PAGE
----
Like most people, I’ve stumbled into a few extraordinary coincidences in my own life—the sort of things that would sound ridiculously contrived and far-fetched if they appeared in works of fiction. And one of the strangest happened when I was waiting in a queue—a chain of sorts. It was 1977 and I was in my first term at London University. I’d spent a few weeks living in a hall of residence in Tooting but when I was offered the chance to move to one in the King’s Road, there was no competition between the locations, so I handed in my keys and skipped off to Chelsea. It didn’t take long to realise that I’d forgotten to remove my padlock key from the key-ring but although it was annoying, I figured I could get another one easily enough. A couple of days later I found myself at Euston Station on a Wednesday afternoon, in an enormous, slow queue of students, all waiting to get student railcards. For some reason that seems ridiculously inefficient now, the process of getting a railcard required you to turn up in person on a specified day and wait your turn. There must have been hundreds of us there, from all the colleges of the University. There were the well-known ones like UCL, LSE, Kings, Queen Mary, and Imperial and many more colleges that later got swallowed up in mergers—Queen Elizabeth, Bedford College, Chelsea, and Westfield—as well as a number of medical schools, art colleges and others covering specialist subjects like veterinary science, theology and pharmacy. With no smartphones to distract, people fell into conversation. I turned behind to a pleasant-looking young man, and asked where he was studying. “Chelsea,” he said which was quite a coincidence given the number of colleges represented there. “I’m at Chelsea” I said. “Where do you live?” When he replied, “Malcolm Gavin Hall,” I couldn’t stop myself from asking the inevitable but nosey question, “Which room are you in?” Somehow I knew he was going to say “335” and he didn’t disappoint. “Oh,” I said, “I’ve just moved out of there. That was my room.” Quick as a flash without missing a beat, he delved into his pocket and brought out some keys. “This must be yours,” he said, handing me my padlock key. It was as if I’d been programmed to ask the right questions, and it happened so easily and smoothly, that I thought maybe the universe intended us to work together to find a cure for cancer or at the very least produce some children. But instead we just had a nice chat. And that was it. A couple of times over the next year, we bumped into one another, and now I can’t even remember his name.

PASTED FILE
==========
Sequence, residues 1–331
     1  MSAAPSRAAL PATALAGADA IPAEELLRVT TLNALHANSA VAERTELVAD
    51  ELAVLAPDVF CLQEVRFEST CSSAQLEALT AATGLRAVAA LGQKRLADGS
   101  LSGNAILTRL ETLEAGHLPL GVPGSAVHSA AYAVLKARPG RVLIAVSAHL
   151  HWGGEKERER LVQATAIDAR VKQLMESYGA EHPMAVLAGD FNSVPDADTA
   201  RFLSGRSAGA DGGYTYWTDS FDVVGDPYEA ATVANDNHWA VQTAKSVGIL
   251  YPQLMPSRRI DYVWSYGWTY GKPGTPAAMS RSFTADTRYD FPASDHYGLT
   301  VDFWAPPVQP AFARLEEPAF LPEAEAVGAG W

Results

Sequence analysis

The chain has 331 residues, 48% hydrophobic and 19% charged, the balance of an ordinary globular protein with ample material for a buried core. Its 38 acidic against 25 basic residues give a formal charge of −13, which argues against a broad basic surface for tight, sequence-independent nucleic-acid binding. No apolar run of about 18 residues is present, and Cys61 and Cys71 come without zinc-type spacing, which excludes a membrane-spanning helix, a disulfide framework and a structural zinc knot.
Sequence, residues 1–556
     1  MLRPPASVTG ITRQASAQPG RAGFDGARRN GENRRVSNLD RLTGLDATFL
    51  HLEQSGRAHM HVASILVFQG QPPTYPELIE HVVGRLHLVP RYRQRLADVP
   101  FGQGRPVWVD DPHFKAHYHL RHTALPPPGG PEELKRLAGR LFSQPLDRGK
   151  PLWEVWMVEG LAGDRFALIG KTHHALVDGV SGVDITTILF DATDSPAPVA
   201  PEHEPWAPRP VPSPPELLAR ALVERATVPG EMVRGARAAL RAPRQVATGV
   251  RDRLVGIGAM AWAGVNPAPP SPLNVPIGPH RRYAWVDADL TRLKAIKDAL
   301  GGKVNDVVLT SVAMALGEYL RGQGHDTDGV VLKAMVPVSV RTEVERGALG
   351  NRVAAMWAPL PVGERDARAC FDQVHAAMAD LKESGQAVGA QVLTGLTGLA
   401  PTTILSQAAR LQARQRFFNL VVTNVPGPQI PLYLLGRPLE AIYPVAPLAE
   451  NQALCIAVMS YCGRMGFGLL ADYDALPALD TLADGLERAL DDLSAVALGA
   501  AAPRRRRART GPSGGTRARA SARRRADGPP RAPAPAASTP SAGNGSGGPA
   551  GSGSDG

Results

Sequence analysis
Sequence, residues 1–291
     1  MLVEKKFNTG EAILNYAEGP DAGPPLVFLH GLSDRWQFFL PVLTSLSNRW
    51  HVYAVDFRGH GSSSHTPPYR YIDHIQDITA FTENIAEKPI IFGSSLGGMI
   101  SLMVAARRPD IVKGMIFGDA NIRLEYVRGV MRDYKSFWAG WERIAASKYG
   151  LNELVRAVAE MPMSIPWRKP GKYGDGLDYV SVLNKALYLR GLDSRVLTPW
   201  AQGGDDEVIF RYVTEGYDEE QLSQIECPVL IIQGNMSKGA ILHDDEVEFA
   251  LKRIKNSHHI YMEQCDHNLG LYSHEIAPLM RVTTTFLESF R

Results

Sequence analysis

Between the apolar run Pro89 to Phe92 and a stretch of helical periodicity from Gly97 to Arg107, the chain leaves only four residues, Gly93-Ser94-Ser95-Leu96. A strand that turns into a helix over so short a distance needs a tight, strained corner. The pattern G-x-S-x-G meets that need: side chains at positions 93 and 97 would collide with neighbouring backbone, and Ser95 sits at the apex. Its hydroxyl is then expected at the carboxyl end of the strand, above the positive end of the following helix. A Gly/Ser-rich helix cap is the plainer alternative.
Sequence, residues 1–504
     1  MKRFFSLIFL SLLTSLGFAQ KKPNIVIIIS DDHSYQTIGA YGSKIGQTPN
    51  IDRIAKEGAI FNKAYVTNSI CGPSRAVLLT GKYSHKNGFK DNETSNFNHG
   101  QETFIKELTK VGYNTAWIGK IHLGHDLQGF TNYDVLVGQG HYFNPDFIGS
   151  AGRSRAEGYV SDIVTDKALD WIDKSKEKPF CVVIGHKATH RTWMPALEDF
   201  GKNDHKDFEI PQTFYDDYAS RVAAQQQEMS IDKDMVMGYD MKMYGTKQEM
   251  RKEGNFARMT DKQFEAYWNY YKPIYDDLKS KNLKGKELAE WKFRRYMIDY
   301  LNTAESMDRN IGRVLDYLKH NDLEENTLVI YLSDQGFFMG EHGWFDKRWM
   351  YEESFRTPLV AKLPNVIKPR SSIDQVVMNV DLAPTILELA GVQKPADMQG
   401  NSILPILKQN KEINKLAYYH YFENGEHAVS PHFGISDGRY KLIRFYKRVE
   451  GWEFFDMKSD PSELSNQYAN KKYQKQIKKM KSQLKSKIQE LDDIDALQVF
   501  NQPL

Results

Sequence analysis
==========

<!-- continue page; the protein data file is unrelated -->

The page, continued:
The thing that surprises me most was that we discovered that we had this connection in common. How often do we meet people and if we only knew which questions to ask, we would uncover all kinds of ways in which our lives overlap. How often do we pass people in the street that carry all of these delicious surprises inside them. That stranger sitting opposite on the train…the woman at the supermarket checkout…the homeless man on the street corner…the refugee in the news footage. We may be closer to them than we think. The first time I remember coming across the idea of connections was when my mother used to repeat the words of a popular song from her childhood; I’ve danced with a man, who’s danced with a girl, who’s danced with the Prince of Wales. It dates from 1927 when the prince, later Edward VIII, was hugely popular. I’d get her to repeat it and was fascinated by the idea that an ordinary person could be so close to a prince. And then there’s the notion of six degrees of separation which is so well-known and somewhat murky. It was first proposed in 1929 by the Hungarian author Frigyes Karinthy in a short story called Chains. He was suggesting even then, that although there were great physical distances between people, their social distances were shrinking as people travelled and technology brought about improvements in communication. He believed that any two individuals could be connected through a network of, at most, five acquaintances. The phrase six degrees of separation became popular after John Guare’s 1990 play and the film that followed. A common criticism is that such a theory is unlikely to encompass connections to isolated groups of humans, such as those in the Amazon jungle but I don’t want to get bogged down here in the arguments for and against this proposition as they are many and complicated. However, several large-scale studies using emails and instant messaging to track connections between people have found that the average number of degrees of separation did come out at six, and according to network theories there are mathematical reasons why this should be so.